If the sky is blue, and it is summer, and you are pointed north when you press the shutter button, and the land area is green grass, the two will be fairly close. Now face West and do the same thing, or take an image of a recently plowed field.
02-10-2010, 05:04 PM   #21
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QuoteOriginally posted by Ben_Edict Quote
It would be good to have more specific info: How high did you actually raise the ISO setting, how low was the ambient lighing - only a cozy candle light on the table or a room with usual tungsten illumination, etc.

Anyway, the possible solutions to your problems have been summarized in my original answer, directly following your initial post. There is nothing, that you can do (given a fixed illumination), than to change your camera to higher ISO or/and use a wider aperture. If the kit lens does not allow that, you need a "faster" lens.

Also, to reduce camera shake, dial in a short expsoure time or use X-sync and let the flash provide the light.

Ben
I did not change the white light balance. Its set to auto the aperture was on 4.0 which is the lowest it would go the iso was on 6400 the highest it would go and the shutter speed needed to be on 1 secibd to capture but I would get a lot of motion blur. I think you are right on the faster lens so I am looking into the Pentax-m 50mm 1.4.


QuoteOriginally posted by Marc Sabatella Quote
And what I'm suggesting is, visit a library or bookstore and get a book on photography. Not a camera manual - that just tells you how to control things, not what they are or why you'd want to. This answer is not meant to be glib or denigrating. Exposure is kind of a big subject - maybe not a whole book worth necessarily (although there are whole books on the subject), but a whole chapter, easily. A forum like this is a place to learn the basics you say you already know. To go beyond that, you need more in depth info that can eaisly be provided in a forum posting, but the good news is, you don't need someone to write that up just for you. it's already been written up, in just about every book on photography. So that should be your starting place.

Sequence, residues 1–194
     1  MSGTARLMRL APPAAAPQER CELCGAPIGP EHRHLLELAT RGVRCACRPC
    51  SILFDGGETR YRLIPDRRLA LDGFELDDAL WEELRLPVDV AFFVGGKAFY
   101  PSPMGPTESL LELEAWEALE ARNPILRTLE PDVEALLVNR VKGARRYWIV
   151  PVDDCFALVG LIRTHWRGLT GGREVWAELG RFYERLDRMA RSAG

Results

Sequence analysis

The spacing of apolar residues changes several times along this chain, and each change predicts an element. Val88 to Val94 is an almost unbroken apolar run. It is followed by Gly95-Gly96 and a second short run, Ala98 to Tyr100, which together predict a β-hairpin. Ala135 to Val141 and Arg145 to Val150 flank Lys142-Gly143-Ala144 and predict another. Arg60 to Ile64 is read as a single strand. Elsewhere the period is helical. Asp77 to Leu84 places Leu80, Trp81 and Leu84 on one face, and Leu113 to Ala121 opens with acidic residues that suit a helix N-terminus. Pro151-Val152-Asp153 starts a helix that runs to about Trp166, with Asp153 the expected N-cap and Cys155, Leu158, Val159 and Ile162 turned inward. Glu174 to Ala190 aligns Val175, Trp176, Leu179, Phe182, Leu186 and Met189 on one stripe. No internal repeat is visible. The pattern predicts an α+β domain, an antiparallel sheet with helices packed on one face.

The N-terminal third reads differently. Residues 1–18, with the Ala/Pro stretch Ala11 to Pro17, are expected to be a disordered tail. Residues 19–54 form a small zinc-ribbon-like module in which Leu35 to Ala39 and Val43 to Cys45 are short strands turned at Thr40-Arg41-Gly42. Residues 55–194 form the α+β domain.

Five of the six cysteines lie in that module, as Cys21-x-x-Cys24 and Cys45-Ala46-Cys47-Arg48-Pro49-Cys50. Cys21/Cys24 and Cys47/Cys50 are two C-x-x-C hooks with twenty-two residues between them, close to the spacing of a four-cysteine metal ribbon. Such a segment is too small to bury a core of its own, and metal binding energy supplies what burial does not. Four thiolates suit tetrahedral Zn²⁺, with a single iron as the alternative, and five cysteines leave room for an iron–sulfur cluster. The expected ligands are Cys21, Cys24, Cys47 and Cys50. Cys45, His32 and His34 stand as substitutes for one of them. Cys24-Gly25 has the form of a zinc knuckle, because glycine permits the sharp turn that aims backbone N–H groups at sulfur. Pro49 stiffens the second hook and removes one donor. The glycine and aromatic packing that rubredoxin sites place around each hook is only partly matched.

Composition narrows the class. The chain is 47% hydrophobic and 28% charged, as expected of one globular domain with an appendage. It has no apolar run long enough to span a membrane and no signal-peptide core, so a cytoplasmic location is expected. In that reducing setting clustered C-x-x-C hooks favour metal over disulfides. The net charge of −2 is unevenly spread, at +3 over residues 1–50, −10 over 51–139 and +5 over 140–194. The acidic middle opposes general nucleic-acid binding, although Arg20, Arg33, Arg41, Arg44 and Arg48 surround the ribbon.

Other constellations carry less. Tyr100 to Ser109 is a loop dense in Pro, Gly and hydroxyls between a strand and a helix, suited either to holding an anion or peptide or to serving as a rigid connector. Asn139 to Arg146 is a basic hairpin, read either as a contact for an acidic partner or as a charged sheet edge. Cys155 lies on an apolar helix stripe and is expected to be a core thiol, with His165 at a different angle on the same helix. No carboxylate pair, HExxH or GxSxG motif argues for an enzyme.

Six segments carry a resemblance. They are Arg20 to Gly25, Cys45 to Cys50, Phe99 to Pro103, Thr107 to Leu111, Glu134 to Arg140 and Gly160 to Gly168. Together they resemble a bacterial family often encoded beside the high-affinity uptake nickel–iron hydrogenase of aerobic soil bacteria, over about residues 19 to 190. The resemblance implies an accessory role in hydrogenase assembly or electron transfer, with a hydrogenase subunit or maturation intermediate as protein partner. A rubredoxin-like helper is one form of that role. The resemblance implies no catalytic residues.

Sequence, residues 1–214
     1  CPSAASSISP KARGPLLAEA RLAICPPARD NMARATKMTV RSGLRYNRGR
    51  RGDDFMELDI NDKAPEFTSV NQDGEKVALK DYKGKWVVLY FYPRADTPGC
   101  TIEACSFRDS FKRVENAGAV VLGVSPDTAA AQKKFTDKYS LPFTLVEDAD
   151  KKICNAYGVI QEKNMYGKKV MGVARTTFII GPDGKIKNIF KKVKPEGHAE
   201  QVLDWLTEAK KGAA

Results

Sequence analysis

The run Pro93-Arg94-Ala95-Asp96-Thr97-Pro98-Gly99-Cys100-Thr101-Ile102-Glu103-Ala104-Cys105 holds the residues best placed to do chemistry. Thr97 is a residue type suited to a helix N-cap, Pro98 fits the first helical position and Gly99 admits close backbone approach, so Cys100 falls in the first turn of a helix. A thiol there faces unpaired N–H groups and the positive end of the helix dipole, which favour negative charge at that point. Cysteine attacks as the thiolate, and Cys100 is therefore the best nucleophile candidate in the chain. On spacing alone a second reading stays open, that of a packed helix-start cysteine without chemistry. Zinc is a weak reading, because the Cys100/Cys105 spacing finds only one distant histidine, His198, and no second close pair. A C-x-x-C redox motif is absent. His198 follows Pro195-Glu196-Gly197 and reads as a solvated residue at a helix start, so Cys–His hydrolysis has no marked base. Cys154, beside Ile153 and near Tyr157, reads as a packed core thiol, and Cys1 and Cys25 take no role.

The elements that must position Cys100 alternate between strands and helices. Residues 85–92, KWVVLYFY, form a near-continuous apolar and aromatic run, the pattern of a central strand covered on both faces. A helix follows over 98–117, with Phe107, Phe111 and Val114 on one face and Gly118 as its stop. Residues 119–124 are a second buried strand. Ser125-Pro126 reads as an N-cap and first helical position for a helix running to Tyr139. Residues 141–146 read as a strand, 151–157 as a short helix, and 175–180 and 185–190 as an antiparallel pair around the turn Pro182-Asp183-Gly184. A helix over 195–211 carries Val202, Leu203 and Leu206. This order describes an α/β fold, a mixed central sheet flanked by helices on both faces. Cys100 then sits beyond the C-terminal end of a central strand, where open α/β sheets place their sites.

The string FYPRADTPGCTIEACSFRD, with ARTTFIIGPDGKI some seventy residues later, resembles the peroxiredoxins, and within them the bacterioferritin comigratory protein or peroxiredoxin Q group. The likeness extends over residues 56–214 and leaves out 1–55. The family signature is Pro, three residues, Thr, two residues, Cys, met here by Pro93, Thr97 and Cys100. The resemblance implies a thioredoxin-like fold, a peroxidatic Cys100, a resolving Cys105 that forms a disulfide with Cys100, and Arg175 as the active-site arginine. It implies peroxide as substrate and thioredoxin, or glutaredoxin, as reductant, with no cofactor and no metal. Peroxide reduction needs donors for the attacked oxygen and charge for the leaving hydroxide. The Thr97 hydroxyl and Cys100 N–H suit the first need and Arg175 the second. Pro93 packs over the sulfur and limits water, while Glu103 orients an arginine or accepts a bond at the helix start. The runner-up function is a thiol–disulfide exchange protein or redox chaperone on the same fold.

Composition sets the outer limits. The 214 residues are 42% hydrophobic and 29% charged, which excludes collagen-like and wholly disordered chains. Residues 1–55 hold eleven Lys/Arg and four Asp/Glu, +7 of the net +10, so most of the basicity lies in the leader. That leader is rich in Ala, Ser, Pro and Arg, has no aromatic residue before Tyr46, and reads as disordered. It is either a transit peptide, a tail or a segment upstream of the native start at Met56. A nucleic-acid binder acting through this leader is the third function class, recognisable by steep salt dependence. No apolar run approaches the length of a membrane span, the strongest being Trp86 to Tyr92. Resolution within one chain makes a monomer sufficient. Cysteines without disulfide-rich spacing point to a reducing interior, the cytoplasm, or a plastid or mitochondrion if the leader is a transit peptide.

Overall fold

Then you didn't try a slow enough shutter speed, a large enough aperture, or high enough ISO. Simple as that. There is absolutely nothing more to it.

The reason it doesn't take flash into account, BTW, is that with flash, it will *always* come out at 0 no matter what settings you use, because the camera will adjust the flash output to*make* that true. So the meter is trying to show you how hard the flash is going to have to work. If you get the meter to 0, then the flash will barely fire at all. With the meter at -1, the flash will fire just enough to make up the difference. And so on. You use this info to help you figure out how how to get the balance you want between the ambient light and the flash.